USCIS Set New Interview Policy for Marriages Involving a Minor

Generally a couples seeking immigration benefits based on an I-130 spousal petition will be interviewed by USCIS during the adjustment of status process (Form I-485, Application to Register Permanent Residence or Adjust Status) or the Immigrant Visa process with the U.S. Department of State. Because of the vulnerabilities associated with marriages involving minors, this practice is being modified. The USCIS will now interview couples involving a minor spouse by interviewing the petitioner and/or the beneficiary earlier in the immigration process. Thus effective immediately, USCIS will interview as part of the adjudication of the Form I-130 petition:
• Any Form I-130 spousal petition where the petitioner or the beneficiary is less than 16 years old; and
• Any Form I-130 spousal petition where the petitioner or the beneficiary is at least 16 or 17 years of age and there are 10 years or more difference between the ages of the spouses.

The Immigration Official will take into consideration the following factors:
1. the legality of the marriage in the place it was celebrated
2. the validity of the marriage in the couple’|s current or presumed state of residence,
3. public policy considerations, and
4. the bona fides of the spousal relationship for immigration purposes.

Source: Policy Alert (AFM), Marriage Involving Minors Update, April 12, 2019 (AFM PA-2019-02)

Temporary Protected Status for Nationals of Liberia, Guinea, and Sierra Leone

U.S. Citizenship and Immigration Services issued the following announcement:

Tuesday, August 18, 2015, is the deadline for eligible nationals of Liberia, Guinea, and Sierra Leone (and people without nationality who last habitually resided in one of those three countries) to register for Temporary Protected Status (TPS). This deadline marks the end of DHS’ 90-day extension of the initial registration period. The TPS designations for these three countries run from Nov. 21, 2014, through May 21, 2016.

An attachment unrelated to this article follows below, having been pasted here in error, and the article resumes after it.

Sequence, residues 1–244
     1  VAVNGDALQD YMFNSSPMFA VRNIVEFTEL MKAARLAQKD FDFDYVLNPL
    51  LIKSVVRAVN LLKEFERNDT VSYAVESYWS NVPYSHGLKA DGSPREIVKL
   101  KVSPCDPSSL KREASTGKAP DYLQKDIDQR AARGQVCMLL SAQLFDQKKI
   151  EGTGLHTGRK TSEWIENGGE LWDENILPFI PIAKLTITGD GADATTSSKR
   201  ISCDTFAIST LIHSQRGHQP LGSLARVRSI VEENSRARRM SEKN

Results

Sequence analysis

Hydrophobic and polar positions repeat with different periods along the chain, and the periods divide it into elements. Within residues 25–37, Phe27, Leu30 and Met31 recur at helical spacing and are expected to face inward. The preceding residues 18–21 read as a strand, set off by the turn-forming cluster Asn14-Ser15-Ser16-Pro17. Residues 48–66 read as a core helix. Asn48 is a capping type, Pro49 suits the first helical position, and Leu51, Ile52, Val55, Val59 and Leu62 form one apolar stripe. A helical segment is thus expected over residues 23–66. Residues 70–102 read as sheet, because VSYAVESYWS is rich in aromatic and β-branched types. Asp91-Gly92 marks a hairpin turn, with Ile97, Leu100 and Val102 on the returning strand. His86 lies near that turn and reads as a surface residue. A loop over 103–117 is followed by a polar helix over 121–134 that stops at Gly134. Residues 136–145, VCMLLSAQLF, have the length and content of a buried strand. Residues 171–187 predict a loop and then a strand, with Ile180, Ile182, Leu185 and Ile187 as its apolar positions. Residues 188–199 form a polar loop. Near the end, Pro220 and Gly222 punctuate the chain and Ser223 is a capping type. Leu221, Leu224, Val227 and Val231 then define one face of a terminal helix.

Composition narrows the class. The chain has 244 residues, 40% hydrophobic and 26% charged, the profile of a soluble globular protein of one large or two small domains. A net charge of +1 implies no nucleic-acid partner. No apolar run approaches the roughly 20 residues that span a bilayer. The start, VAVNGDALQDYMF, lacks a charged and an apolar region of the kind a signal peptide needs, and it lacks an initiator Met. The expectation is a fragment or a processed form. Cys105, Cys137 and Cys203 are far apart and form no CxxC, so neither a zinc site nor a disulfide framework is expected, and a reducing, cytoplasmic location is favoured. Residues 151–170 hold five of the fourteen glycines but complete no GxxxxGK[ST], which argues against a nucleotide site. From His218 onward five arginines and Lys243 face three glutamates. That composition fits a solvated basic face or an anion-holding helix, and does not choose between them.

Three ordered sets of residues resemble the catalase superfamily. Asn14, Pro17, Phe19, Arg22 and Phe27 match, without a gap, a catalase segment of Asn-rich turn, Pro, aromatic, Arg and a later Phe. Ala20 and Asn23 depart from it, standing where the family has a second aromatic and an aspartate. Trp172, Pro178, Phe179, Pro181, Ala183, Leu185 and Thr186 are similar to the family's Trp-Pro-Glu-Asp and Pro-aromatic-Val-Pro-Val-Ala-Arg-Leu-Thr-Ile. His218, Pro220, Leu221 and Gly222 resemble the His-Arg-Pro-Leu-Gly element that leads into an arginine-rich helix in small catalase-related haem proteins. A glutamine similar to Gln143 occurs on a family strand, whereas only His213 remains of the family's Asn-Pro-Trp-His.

To be eligible for TPS, you must demonstrate that you meet all eligibility criteria, including that you have been “continuously residing” in the United States since Nov. 20, 2014, and “continuously physically present in” the United States since Nov. 21, 2014. You must also undergo thorough security checks. Individuals with certain criminal records or who pose a threat to national security are not eligible for TPS.
Additionally, you may apply for TPS even if you are a Liberian national currently covered under the two-year extension of Deferred Enforced Departure (DED) based on President Obama’s Sept. 26, 2014 memorandum. If you are a DED-covered Liberian national and you have an EAD or have applied for an EAD, you do not need to apply for another EAD related to this TPS designation. However, if you are granted TPS, you may request a TPS-related EAD at a later date as long as the TPS designation for Liberia remains in effect.
To register, you must submit:
• Form I-821, Application for Temporary Protected Status.
• The biometrics services fee (or a fee-waiver request) if you are 14 years old or older.
• Form I-765, Application for Employment Authorization, regardless of whether you want an EAD.
• The Form I-765 application fee or a fee-waiver request, but only if you want an EAD. If you do not want an EAD, no application fee is required. There is no I-765 fee for initial applicants under the age of 14, or 66 and over; these applicants may receive their initial EAD cards for free.
Fees and Fee Waivers
If you cannot pay the fee, you may request that we waive the Form I-765 application fee or biometrics fee. However, you must file Form I-912, Request for Fee Waiver, or submit a written request. You must also send in supporting documentation with your fee-waiver request. We will reject your TPS application if you do not submit the required filing fees or a properly documented fee-waiver request.
Additional information about TPS for Liberia, Guinea, and Sierra Leone —including guidance on eligibility, the application process and where to file—is available at
This Web alert is also available in French.
Source: U.S. Citizenship and Immigration Services,